the timeout. In the example above, SERIN wants a decimal number. But RECEIVED OR NOT!
even if SERIN received letters “ABCD...” at intervals of less than two
seconds, it would never abort.

You can combine parity and serial timeouts. Here is an example for the COMBINING PARITY AND TIME-OUT.
BS2 designed to receive a decimal number through pin 1 at 2400 baud, 7E,
inverted with a 10-second timeout:
Result VAR BYTE 2 2 2 2
e sx p

Again:
SERIN 1, 24660, BadData, 10000, NoData, [DEC Result]
DEBUG CLS, ? Result
GOTO Again

NoData:
DEBUG CLS, "timed out"
GOTO Again

BadData:
DEBUG CLS, "parity error"
GOTO Again

When you design an application that requires serial communication CONTROLLING DATA FLOW.
between BASIC Stamps, you have to work within these limitations:
• When the BASIC Stamp is sending or receiving data, it can’t
execute other instructions.
• When the BASIC Stamp is executing other instructions, it can’t
send or receive data. The BASIC Stamp does not have a serial
buffer as there is in PCs. At most serial rates, the BASIC Stamp
cannot receive data via SERIN, process it, and execute another
SERIN in time to catch the next chunk of data, unless there are
significant pauses between data transmissions.

These limitations can sometimes be addressed by using flow control; the
Fpin option for SERIN and SEROUT (at baud rates of up to the limitation
shown in Table 5.70). Through Fpin, SERIN can tell a BASIC Stamp sender
when it is ready to receive data. (For that matter, Fpin flow control follows

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5: BASIC Stamp Command Reference – SERIN

the rules of other serial handshaking schemes, but most computers other
than the BASIC Stamp cannot start and stop serial transmission on a byte-
by-byte basis. That’s why this discussion is limited to communication
between BASIC Stamps.)

Here’s an example using flow control on the BS2 (data through I/O pin 1,
flow control through I/O pin 0, 9600 baud, N8, noninverted):

2 2 2 2 SerData VAR BYTE
e sx p
SERIN 1\0, 84, [SerData]

When SERIN executes, I/O pin 1 (Rpin) is made an input in preparation
for incoming data, and I/O pin 0 (Fpin) is made output low, to signal “go”
to the sender. After SERIN finishes receiving, I/O pin 0 goes high to tell
the sender to stop. If an inverted BaudMode had been specified, the Fpin’s
responses would have been reversed. Here’s the relationship of serial
polarity to Fpin states.
Table 5.78: BS2, BS2e, BS2sx and
Ready to Receive Not Ready to Receive
BS2p flow control pin states in
("Go") ("Stop")
relation to polarity (inverted or non-
inverted). Inverted Fpin is High (1) Fpin is Low (0)
Non-inverted Fpin is Low (0) Fpin is High (1)

See the Demo Program, below, for a flow control example using two BS2s.
In the demo program example, without flow control, the sender would
transmit the whole word “HELLO!” in about 6 ms. The receiver would
catch the first byte at most; by the time it got back from the first 1-second
PAUSE, the rest of the data would be long gone. With flow control,
communication is flawless since the sender waits for the receiver to catch
up.

In Figure 5.33, I/O pin 0, Fpin, is pulled to ground through a 10k resistor.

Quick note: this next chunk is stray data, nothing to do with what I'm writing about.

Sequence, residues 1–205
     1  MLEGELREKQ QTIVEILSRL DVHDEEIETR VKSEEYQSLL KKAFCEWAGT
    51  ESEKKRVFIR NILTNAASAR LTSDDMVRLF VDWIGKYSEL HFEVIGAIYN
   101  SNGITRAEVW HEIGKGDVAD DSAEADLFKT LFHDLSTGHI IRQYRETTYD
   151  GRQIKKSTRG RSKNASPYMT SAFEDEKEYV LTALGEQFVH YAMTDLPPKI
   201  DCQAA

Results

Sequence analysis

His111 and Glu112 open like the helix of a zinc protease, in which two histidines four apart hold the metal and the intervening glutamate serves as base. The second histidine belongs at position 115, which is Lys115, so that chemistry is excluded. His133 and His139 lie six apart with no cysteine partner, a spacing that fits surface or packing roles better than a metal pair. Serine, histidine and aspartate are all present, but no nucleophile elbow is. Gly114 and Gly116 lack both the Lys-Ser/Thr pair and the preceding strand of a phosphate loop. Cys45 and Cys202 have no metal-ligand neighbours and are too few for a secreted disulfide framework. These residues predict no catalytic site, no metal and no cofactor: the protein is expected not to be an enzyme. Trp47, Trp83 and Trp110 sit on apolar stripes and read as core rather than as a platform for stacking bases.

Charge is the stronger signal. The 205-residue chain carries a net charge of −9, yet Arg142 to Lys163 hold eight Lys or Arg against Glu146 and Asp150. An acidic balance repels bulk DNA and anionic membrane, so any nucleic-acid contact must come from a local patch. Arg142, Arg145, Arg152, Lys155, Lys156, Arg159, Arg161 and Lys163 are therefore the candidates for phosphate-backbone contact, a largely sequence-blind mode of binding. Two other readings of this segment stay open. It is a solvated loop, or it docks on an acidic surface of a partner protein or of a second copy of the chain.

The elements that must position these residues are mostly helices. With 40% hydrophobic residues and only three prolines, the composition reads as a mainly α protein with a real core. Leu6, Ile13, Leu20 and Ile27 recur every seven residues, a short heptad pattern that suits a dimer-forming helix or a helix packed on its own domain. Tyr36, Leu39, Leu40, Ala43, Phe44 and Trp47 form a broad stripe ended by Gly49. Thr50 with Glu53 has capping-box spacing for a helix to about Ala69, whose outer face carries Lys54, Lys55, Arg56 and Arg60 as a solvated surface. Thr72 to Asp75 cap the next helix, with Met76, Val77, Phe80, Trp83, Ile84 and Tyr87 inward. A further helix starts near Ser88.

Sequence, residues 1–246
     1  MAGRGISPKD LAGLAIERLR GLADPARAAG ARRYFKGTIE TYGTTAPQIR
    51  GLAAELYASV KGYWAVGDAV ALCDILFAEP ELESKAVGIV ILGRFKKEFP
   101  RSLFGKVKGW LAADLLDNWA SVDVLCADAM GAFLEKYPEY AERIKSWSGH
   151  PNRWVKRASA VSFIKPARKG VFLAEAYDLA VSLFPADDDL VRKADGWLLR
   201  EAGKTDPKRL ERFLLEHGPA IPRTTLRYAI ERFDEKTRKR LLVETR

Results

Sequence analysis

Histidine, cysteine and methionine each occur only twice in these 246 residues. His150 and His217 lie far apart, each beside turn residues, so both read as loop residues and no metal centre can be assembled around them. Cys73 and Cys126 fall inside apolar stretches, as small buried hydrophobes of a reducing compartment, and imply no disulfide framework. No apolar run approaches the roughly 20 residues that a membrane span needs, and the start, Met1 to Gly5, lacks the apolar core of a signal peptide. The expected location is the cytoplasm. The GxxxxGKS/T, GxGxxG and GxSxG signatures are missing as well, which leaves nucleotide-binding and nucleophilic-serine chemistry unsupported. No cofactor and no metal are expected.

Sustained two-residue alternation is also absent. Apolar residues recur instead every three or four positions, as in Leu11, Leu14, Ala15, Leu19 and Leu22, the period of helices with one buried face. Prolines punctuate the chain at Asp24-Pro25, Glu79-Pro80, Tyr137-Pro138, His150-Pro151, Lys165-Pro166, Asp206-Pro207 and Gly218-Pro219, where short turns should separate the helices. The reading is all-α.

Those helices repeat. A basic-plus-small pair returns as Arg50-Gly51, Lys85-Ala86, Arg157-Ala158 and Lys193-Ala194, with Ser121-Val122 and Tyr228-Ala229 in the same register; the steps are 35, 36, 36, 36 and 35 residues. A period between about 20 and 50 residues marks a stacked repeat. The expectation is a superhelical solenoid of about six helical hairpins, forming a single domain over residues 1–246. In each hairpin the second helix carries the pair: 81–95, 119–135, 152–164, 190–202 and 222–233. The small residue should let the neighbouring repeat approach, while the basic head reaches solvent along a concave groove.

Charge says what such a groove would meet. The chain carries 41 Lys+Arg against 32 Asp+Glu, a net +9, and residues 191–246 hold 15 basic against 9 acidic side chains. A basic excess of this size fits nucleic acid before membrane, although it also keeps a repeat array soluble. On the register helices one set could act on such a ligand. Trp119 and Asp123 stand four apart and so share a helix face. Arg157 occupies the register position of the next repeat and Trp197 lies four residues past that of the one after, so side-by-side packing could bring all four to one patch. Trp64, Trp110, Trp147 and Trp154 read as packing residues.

This is to ensure that the sender sees a stop signal (0 for inverted
communications) when the receiver is being programmed.

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SERIN - BASIC Stamp Command Reference

Host PC (for Debug) Figure 5.33: Flow-Control Example
Circuit.

programming
cable P1 P1

BS2 P0 P0 BS2
receiver sender
10k
VSS VSS

Serial communication, because of its complexity, can be very difficult to SERIN TROUBLESHOOTING.
work with at times. Please follow these guidelines when developing a
project using the SERIN and SEROUT commands:

1. Always build your project in steps.
a. Start with small, manageable pieces of code, that deals
with serial communication) and test them, one at a time.
b. Add more and more small pieces, testing them each time,
as you go.
c. Never write a large portion of code that works with serial
communication without testing its smallest workable
pieces first.
2. Pay attention to timing.
a. Be very careful to calculate and overestimate the amount
of time operations should take within the BASIC Stamp.
Misunderstanding the timing constraints is the source of
most problems with code that communicate serially.
b. If the serial communication in your project is bi-
directional, the above statement is even more critical.
3. Pay attention to wiring.
a. Take extra time to study and verify serial communication
wiring diagrams. A mistake in wiring can cause strange
problems in communication, or no communication at all.
Make sure to connect the ground pins (Vss) between the
devices that are communicating serially.
4. Verify port setting on the PC and in the SERIN/SEROUT
commands.
a. Unmatched settings on the sender and receiver side will
cause garbled data transfers or no data transfers. If the

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5: BASIC Stamp Command Reference – SERIN

data you receive is unreadable, it is most likely a baud
rate setting error.
5. If receiving data from another device that is not a BASIC Stamp,
try to use baud rates of 4800 and below.
a. Because of additional overhead in the BASIC Stamp, and
the fact that the BASIC Stamp has no hardware receive
buffer for serial communication, received data may
sometimes be missed or garbled. If this occurs, try
lowering the baud rate (if possible), adding extra stop bits,
and not using formatters in the SERIN command. Using
simple variables (not arrays) and no formatters will
increase the chance that the BASIC Stamp can receive the
data properly.
6. Be sure to study the effects of SERIN formatters.
a. Some formatters have specific requirements that may
cause problems in received data. For example, the DEC